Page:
- Their overall experience
- The opportunities provided to develop research skills
- Resource provision
- Teaching opportunities
- Progress assessment
The PTES is a biennial, nationwide survey, also run by Advance HE. Its questions are similar to the PRES questions and it's a chance for taught postgraduates to give feedback on their experiences.
Advance HE provides overall PRES and PTES reports. You should ask universities directly to request their individual data and feedback from these surveys. For the results of our postgraduate surveys, please contact our postgrad team.
Research Excellence Framework
The Research Excellence Framework (REF) is an independent review of research quality in the UK's higher education institutions. It can be a helpful indicator when you're thinking of doing a postgraduate research degree. And for those considering their first degree, a high quality research environment may well have a positive effect upon undergraduate course content.
In the Research Excellence Framework 2014, 78% of the University of Portsmouth's research impact was rated as world-leading or internationally excellent.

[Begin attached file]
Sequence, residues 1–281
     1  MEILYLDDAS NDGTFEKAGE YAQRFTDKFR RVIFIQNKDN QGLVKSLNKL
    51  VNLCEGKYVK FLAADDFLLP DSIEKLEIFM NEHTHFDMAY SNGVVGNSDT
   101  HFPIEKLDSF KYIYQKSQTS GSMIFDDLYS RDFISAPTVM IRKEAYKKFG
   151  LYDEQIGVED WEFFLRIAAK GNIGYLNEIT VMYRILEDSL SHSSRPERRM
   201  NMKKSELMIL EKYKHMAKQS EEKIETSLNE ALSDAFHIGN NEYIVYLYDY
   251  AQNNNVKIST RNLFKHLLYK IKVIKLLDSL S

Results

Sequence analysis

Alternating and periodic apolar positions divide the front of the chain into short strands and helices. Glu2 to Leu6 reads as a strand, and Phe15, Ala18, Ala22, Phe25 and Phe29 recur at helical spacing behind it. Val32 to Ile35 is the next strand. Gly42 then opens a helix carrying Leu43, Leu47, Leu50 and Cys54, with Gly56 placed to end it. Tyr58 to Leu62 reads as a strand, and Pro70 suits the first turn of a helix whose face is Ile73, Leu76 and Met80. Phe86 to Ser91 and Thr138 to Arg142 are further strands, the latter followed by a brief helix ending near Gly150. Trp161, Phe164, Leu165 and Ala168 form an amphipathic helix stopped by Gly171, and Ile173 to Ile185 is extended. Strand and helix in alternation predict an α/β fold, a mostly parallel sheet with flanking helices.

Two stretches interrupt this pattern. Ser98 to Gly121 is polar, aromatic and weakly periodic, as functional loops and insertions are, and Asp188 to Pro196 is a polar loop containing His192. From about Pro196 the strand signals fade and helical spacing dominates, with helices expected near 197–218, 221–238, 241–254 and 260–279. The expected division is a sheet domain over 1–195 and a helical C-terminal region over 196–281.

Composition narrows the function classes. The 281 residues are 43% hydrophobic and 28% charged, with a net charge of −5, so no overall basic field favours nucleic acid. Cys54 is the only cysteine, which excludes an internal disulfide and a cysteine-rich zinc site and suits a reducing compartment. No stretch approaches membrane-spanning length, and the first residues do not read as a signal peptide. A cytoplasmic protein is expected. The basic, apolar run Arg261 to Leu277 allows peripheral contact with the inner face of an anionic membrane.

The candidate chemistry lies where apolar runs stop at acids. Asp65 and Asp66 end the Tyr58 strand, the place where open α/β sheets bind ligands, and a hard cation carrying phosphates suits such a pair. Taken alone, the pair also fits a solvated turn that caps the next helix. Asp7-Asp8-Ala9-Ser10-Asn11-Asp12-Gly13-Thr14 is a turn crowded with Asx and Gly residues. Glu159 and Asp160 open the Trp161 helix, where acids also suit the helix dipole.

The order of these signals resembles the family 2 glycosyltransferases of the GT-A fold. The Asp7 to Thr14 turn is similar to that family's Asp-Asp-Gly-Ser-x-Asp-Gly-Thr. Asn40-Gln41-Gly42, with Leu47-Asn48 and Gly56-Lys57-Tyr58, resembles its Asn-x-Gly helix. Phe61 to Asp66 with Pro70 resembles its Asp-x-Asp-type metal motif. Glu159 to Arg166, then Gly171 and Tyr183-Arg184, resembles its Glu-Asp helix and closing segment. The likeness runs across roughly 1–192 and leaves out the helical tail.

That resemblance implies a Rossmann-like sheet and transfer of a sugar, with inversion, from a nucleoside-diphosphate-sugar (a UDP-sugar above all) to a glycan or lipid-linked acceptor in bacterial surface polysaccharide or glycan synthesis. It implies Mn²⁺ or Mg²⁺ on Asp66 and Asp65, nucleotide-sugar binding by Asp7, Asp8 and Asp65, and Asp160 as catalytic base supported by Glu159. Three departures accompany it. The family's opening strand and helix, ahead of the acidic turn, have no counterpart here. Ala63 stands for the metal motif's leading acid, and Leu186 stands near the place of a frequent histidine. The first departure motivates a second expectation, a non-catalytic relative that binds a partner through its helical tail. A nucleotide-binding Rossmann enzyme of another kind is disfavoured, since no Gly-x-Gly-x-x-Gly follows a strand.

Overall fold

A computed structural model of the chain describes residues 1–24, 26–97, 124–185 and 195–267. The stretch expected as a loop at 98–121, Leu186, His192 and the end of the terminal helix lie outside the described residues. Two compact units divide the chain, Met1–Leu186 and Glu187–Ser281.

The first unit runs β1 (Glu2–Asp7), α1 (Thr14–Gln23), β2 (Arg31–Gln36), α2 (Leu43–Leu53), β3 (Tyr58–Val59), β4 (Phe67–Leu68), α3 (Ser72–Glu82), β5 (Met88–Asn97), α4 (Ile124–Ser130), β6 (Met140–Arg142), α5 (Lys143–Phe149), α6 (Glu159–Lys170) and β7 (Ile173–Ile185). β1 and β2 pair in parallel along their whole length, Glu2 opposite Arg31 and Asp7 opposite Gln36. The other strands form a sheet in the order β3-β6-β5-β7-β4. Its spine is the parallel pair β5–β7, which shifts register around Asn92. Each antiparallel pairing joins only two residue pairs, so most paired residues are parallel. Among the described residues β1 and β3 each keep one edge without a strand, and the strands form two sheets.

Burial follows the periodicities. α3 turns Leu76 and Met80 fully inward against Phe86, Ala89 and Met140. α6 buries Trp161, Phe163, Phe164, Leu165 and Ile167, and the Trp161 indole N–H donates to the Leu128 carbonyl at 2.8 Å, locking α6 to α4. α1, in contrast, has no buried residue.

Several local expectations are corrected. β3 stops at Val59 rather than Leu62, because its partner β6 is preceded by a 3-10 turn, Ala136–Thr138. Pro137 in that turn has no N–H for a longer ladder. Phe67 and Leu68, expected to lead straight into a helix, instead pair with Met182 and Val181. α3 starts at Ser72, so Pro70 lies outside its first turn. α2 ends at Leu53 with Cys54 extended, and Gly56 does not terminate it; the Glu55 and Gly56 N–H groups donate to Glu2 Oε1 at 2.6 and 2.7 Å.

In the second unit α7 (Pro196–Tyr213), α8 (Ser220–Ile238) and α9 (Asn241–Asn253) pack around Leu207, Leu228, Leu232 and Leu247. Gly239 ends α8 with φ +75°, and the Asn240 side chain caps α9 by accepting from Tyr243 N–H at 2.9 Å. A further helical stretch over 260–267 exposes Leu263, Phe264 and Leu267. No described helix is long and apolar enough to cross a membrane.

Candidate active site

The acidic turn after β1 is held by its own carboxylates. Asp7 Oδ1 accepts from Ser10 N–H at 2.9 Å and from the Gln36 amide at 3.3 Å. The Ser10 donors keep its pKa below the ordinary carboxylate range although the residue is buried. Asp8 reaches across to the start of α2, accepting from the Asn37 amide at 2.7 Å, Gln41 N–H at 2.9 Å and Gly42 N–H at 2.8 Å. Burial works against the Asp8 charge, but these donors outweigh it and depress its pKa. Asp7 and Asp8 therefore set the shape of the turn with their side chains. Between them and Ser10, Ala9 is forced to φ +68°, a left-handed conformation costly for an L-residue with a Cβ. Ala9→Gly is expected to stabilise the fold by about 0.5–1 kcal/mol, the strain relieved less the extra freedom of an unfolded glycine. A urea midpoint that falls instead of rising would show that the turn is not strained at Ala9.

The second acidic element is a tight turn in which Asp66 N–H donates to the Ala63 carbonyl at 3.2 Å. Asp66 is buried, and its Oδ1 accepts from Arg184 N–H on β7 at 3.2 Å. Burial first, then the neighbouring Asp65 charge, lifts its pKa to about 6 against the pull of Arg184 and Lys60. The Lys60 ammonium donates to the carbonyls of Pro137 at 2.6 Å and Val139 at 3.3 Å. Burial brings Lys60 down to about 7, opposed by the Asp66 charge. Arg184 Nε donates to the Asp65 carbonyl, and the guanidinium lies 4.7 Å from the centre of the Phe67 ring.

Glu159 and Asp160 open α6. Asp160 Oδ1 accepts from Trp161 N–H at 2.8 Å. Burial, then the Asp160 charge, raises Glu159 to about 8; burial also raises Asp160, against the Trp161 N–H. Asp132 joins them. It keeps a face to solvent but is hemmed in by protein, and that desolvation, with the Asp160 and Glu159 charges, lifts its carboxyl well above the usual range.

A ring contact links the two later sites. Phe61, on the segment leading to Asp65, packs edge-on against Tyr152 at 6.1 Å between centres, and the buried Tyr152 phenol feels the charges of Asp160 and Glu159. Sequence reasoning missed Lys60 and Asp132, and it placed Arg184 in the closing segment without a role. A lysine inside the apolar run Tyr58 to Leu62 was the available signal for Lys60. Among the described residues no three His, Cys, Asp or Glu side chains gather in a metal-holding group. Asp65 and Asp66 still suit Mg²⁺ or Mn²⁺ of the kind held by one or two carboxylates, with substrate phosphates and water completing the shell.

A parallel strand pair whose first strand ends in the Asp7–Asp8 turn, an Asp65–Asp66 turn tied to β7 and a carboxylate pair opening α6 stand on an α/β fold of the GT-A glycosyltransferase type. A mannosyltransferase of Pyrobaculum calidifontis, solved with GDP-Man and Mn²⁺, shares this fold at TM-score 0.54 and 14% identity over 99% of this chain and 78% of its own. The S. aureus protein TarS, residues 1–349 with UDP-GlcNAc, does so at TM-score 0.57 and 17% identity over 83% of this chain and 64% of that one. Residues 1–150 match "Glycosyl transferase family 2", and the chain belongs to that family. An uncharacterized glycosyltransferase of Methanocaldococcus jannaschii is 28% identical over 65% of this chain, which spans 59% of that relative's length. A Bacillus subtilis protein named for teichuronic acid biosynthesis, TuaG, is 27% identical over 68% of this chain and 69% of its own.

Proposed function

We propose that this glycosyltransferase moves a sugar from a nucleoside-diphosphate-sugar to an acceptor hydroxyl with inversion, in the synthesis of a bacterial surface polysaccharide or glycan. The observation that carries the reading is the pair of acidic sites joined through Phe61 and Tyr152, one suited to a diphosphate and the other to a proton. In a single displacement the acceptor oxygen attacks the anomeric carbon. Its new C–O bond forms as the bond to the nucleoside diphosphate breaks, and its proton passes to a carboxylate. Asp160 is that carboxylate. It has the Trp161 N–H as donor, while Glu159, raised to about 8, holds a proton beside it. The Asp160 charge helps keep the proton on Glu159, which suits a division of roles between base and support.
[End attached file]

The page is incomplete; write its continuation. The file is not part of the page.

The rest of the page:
Your choice of postgraduate course and location may also be influenced by your wish to work with a particular research supervisor. Take a look at our Find a PhD Supervisor tool.
Narrowing down your options
Remember that these surveys are a snapshot. Use them as a guide to what your experience could be like at a particular university or on a specific course. It's a good sign if a university maintains consistently high ranking over several years.
There's a lot of information to consider, but taking the time to thoroughly research your options is definitely worthwhile. It gives you the best chance of making the right decision for you at this important time.